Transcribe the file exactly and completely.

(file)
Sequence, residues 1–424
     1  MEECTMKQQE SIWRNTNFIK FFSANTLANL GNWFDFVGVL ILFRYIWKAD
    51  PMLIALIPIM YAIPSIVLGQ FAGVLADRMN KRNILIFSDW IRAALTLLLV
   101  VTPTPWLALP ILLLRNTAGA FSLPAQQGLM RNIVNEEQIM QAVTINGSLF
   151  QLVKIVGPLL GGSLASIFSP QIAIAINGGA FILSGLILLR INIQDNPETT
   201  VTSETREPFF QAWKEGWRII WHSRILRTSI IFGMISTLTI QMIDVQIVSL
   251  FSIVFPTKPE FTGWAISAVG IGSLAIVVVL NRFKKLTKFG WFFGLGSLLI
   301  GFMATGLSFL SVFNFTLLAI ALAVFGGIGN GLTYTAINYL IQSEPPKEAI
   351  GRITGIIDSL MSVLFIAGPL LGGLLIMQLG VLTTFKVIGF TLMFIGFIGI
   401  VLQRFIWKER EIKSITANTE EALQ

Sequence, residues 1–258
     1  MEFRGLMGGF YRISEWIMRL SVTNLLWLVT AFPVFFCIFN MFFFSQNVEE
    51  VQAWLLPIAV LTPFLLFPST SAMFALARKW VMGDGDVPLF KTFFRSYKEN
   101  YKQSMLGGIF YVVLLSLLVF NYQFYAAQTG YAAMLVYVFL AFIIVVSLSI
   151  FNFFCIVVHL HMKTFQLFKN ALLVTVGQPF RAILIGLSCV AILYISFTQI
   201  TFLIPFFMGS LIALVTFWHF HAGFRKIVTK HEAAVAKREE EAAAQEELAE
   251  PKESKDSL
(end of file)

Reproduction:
Sequence, residues 1–424
     1  MEECTMKQQE SIWRNTNFIK FFSANTLANL GNWFDFVGVL ILFRYIWKAD
    51  PMLIALIPIM YAIPSIVLGQ FAGVLADRMN KRNILIFSDW IRAALTLLLV
   101  VTPTPWLALP ILLLRNTAGA FSLPAQQGLM RNIVNEEQIM QAVTINGSLF
   151  QLVKIVGPLL GGSLASIFSP QIAIAINGGA FILSGLILLR INIQDNPETT
   201  VTSETREPFF QAWKEGWRII WHSRILRTSI IFGMISTLTI QMIDVQIVSL
   251  FSIVFPTKPE FTGWAISAVG IGSLAIVVVL NRFKKLTKFG WFFGLGSLLI
   301  GFMATGLSFL SVFNFTLLAI ALAVFGGIGN GLTYTAINYL IQSEPPKEAI
   351  GRITGIIDSL MSVLFIAGPL LGGLLIMQLG VLTTFKVIGF TLMFIGFIGI
   401  VLQRFIWKER EIKSITANTE EALQ

Sequence, residues 1–258
     1  MEFRGLMGGF YRISEWIMRL SVTNLLWLVT AFPVFFCIFN MFFFSQNVEE
    51  VQAWLLPIAV LTPFLLFPST SAMFALARKW VMGDGDVPLF KTFFRSYKEN
   101  YKQSMLGGIF YVVLLSLLVF NYQFYAAQTG YAAMLVYVFL AFIIVVSLSI
   151  FNFFCIVVHL HMKTFQLFKN ALLVTVGQPF RAILIGLSCV AILYISFTQI
   201  TFLIPFFMGS LIALVTFWHF HAGFRKIVTK HEAAVAKREE EAAAQEELAE
   251  PKESKDSL